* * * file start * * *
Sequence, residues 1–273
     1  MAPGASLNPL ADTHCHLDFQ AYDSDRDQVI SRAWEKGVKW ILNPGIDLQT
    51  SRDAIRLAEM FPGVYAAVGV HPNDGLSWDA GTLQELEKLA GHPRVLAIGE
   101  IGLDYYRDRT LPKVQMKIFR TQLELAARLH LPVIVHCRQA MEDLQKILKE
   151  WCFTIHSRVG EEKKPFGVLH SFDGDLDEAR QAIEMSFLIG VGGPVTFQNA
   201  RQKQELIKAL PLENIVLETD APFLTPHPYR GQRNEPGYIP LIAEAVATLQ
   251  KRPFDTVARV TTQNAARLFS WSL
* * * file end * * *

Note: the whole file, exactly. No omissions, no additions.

Sequence, residues 1–273
     1  MAPGASLNPL ADTHCHLDFQ AYDSDRDQVI SRAWEKGVKW ILNPGIDLQT
    51  SRDAIRLAEM FPGVYAAVGV HPNDGLSWDA GTLQELEKLA GHPRVLAIGE
   101  IGLDYYRDRT LPKVQMKIFR TQLELAARLH LPVIVHCRQA MEDLQKILKE
   151  WCFTIHSRVG EEKKPFGVLH SFDGDLDEAR QAIEMSFLIG VGGPVTFQNA
   201  RQKQELIKAL PLENIVLETD APFLTPHPYR GQRNEPGYIP LIAEAVATLQ
   251  KRPFDTVARV TTQNAARLFS WSL